Scientists recently discovered that improved cancer treatment approaches over time correlate with higher life expectancy in adult survivors of childhood cancer.
As cancer treatment evolves to be more effective, more patients are surviving, with some even living long lives disease free. In order to determine if life expectancy also rises with evolving treatment, the investigators examined data derived from the Childhood Cancer Survivor Study, which included data on 5-year survivors of childhood cancer who were diagnosed between 1970 and 1999. Information was analyzed using a microsimulation model comprised of competing mortality risks. The model included data on late recurrence, treatment-related late effects, and US background mortality rates. The population subgroups included those who received no treatment or surgery only, chemotherapy alone, radiotherapy alone, or radiotherapy with chemotherapy. The researchers also separated the study population by the era in which they were diagnosed with cancer (1970-1979; 1980-1989; and 1990-1999).
The results, which were published in JAMA Oncology, revealed that conditional life expectancy (defined as the number of years a 5-year survivor can expect to live) was 48.5 years for 5-year survivors diagnosed in 1970-1979, 53.7 years for those diagnosed in 1980-1989, and 57.1 years for those diagnosed in 1990-1999. The gap in life expectancy compared to individuals with no history of cancer was 25% in those diagnosed in 1970-1979, 19% for those diagnosed in 1980-1989, and 14% for those diagnosed in 1990-1999.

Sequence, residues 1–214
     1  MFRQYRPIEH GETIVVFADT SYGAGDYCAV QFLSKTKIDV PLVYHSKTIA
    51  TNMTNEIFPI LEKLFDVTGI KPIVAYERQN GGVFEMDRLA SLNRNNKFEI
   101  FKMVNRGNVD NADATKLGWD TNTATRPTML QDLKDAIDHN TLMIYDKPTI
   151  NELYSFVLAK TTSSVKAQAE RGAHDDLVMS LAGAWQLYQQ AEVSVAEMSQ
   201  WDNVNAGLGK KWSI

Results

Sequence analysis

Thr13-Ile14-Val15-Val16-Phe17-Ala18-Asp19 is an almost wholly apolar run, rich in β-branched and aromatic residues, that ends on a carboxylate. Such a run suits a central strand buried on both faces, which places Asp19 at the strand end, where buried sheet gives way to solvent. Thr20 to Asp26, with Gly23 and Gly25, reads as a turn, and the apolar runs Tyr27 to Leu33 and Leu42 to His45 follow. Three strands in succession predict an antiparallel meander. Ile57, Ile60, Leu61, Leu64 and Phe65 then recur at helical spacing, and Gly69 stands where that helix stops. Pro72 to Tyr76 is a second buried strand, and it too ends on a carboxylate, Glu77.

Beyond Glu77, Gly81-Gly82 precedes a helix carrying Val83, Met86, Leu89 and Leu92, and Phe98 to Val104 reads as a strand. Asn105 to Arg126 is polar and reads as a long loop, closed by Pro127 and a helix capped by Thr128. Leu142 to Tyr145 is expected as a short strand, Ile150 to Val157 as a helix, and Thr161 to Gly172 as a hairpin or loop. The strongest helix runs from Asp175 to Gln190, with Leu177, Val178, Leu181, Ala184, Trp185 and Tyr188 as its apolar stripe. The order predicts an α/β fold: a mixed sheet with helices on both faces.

The percentage of survivors who were treated with chemotherapy only increased during the three decades from 18% in 1970-1979 to 54% in 1990-1999; in addition, the life expectancy gap decreased from 11 years to 6 years for this group. The patients treated with radiotherapy or radiotherapy plus chemotherapy only experienced a marginal improvement in the gap in life expectancy in survivors versus individuals with no history of cancer. For patients who survived acute lymphoblastic leukemia, the gap in life expectancy decreased from 14.7 years to 8.0 years during the three decades.
"Evolving treatment approaches are projected to be associated with improved life expectancy after treatment for pediatric cancer, in particular among those who received chemotherapy alone for their childhood cancer diagnosis," conclude the study authors, led by Jennifer M. Yeh, PhD, Associate Scientific Researcher and Assistant Professor of Pediatrics at Harvard Medical School. "Despite improvements, survivors remain at risk for shorter lifespans, especially when radiotherapy was included as part of their childhood cancer treatment."
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